We have documented that Zechariah 14 serves as the source, at least one of the sources, for the NT doctrine of the coming of the Lord with His saints. Significantly, many commentators acknowledge this connection, even pointing it out, but then, they completely ignore the context and framework in which Zechariah’s prophecy places that coming of the Lord.Be sure to read this entire series beginning here.
In this installment, we examine two key NT texts that are widely accepted as drawn from Zechariah 14.
Zechariah 14 and Thessalonians 3:13
F. F. Bruce says this text is “based on that of earlier theophanies in the OT: when God reveals himself, for deliverance or for judgment he is regularly attended by angels.” (F. F. Bruce, Word Biblical Commentary, 1 and 2 Thessalonians, 1982, p. 73). He references Zechariah 14:5 as the source for this passage. Wanamaker cites several OT passages that spoke of the coming of the Lord with his saints/holy ones and says that Zechariah 14:5 “especially,” “may be the source of Paul’s thought.” (Charles Wanamaker, New International Greek Testament Commentary, Eerdmans, 1990)145).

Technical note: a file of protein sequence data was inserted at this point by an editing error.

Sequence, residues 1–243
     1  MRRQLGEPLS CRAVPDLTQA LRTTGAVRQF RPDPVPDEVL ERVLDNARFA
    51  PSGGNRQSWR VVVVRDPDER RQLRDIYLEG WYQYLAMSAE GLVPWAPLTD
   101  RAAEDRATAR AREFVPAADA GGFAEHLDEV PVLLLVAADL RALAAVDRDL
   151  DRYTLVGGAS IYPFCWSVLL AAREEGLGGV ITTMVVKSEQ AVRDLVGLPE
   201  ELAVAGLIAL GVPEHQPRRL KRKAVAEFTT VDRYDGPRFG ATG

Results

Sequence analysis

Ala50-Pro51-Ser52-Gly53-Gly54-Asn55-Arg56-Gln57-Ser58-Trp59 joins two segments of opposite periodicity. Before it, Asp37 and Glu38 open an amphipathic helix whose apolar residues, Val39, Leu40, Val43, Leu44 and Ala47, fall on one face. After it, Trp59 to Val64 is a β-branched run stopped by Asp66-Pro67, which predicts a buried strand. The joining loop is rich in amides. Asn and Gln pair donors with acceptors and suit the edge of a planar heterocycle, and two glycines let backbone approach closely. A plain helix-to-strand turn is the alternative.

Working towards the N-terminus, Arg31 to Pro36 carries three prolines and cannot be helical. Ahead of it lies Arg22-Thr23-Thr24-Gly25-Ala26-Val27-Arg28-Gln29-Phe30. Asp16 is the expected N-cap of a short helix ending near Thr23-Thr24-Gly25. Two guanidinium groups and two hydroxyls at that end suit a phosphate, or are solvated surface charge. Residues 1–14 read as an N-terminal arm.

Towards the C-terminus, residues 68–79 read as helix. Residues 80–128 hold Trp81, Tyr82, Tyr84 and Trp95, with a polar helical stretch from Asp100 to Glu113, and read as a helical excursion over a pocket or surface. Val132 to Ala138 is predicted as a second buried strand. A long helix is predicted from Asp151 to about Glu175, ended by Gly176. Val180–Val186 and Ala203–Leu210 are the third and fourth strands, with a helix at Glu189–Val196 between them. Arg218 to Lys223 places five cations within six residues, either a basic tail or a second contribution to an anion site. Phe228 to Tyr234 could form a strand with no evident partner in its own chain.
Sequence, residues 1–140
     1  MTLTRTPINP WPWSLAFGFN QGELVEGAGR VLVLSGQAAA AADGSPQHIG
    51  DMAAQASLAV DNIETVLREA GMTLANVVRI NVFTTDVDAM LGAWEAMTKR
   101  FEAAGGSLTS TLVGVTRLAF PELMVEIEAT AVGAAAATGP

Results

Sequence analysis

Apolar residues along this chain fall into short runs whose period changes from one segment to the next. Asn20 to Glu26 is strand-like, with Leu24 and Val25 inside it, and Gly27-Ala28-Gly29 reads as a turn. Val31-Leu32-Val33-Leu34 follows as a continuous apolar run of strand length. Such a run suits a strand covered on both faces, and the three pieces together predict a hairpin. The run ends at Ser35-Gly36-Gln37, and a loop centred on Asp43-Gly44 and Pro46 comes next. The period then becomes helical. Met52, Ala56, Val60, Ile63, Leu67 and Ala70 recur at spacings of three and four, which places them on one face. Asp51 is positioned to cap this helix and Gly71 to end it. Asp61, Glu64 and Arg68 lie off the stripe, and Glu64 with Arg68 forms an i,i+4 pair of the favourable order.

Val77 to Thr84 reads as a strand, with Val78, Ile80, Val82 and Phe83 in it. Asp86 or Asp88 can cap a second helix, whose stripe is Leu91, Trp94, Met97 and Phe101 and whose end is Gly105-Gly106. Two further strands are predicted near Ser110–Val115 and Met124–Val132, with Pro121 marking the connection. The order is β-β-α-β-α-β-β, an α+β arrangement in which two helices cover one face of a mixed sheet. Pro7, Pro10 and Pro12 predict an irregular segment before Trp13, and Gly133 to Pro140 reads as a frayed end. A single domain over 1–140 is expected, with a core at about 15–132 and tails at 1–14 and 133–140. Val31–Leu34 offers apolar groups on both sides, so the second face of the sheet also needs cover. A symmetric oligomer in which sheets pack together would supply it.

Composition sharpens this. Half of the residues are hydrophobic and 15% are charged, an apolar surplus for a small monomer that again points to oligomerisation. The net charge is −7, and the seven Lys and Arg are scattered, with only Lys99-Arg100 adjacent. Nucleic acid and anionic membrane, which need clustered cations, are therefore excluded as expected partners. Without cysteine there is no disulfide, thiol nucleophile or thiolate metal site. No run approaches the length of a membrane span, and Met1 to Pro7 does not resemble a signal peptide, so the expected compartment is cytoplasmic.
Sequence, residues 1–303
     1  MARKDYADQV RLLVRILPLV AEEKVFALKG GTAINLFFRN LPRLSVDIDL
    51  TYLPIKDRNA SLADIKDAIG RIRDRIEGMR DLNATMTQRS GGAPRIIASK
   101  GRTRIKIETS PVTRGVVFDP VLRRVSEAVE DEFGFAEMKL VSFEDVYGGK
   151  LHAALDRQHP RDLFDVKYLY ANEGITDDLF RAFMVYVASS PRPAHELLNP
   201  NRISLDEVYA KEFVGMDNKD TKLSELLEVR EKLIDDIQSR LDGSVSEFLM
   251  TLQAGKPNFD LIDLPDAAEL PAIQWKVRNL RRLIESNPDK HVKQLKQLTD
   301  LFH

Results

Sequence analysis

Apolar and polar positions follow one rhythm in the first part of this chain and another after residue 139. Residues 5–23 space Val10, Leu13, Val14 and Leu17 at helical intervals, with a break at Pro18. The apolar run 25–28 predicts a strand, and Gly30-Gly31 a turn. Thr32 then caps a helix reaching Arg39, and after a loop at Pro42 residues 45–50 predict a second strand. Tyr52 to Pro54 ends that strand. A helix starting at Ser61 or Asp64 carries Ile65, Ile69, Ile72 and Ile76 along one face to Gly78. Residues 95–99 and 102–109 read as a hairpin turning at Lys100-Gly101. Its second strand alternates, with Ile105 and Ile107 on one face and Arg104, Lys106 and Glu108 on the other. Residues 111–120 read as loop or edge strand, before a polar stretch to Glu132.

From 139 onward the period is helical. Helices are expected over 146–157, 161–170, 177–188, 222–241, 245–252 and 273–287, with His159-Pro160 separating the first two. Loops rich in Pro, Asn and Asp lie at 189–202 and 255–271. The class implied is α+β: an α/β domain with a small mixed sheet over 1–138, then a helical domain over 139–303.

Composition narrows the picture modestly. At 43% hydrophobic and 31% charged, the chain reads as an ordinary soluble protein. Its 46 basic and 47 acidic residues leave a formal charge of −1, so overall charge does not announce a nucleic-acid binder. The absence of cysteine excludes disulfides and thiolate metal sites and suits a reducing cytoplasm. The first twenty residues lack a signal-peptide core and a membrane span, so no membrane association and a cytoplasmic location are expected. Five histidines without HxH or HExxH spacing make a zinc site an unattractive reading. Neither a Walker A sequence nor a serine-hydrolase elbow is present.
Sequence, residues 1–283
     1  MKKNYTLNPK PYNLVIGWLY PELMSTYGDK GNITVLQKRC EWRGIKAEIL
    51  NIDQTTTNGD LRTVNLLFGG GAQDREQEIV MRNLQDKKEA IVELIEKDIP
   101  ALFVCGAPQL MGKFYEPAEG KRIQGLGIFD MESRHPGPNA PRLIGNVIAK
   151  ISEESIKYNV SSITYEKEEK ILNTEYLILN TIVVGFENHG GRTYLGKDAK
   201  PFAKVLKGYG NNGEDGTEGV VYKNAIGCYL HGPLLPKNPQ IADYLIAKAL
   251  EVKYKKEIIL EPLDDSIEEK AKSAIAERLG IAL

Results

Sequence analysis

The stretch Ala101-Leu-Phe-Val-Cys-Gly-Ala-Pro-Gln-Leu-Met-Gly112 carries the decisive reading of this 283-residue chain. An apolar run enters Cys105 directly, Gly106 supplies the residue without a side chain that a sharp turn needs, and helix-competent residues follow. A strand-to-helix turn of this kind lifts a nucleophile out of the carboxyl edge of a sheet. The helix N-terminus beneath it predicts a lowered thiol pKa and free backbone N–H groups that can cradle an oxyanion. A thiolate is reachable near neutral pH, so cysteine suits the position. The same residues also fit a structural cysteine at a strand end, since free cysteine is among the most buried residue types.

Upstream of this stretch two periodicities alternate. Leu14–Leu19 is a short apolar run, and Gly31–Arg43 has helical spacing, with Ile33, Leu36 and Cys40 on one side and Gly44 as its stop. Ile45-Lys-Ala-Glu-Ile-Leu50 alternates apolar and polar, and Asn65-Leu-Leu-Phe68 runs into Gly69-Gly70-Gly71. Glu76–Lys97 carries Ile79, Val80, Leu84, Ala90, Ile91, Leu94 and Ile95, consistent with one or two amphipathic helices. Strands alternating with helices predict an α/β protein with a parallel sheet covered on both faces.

If Zechariah 14 is the source for 1 Thessalonians 3:13, unless one can establish beyond doubt that Paul was simply using familiar language but in a new and different way, then:
1.) The metaphoric nature of the parousia language must be acknowledged since Zechariah 14 is patently non-literal;
2.) The application to the parousia at the fall of Jerusalem is also established. If Zechariah 14 was the prophecy Paul was quoting in Thessalonians then since that prophecy had not been fulfilled when Paul cited it in Thessalonians, would it not be terribly confusing for Paul to quote it, but apply it to something totally different and unrelated to Zechariah?
It is interesting that few commentators draw the connection between Zechariah 14, 1 Thessalonians 3 and 1 Thessalonians 4. And as just noted, they utterly fail to honor the context of Zechariah.
Zechariah 14 and 1 Thessalonians 4
Perhaps no passage predictive of the Lord’s coming with his saints/angels is so hotly contested and adamantly applied to the future than this one. Yet it is interesting and significant to observe the contradictions in the attempts to apply this passage to the future and not AD 70.
Kenneth Gentry, noted apologist for the Postmillennial Dominionist movement, applies Matthew 24:29-31 to the AD parousia of Jesus. (See his definitive modern apology for Postmillennialism: He Shall Have Dominion, 2009, (Draper, VA., Apologetics Group, 2009). He well understands the apocalyptic, metaphoric and spiritual nature of the language employed. Yet he applies 1 Thessalonians 4 to a literal event sometime in the future, all the while admitting that Paul, in Thessalonians is drawing from Matthew 24! So, Matthew 24 is metaphoric. Paul in Thessalonians draws from Matthew. Yet, Paul is using the figurative language of Matthew literally! This is hardly convincing. What is the hermeneutical justification for this? What is the contextual justification for this? There is none.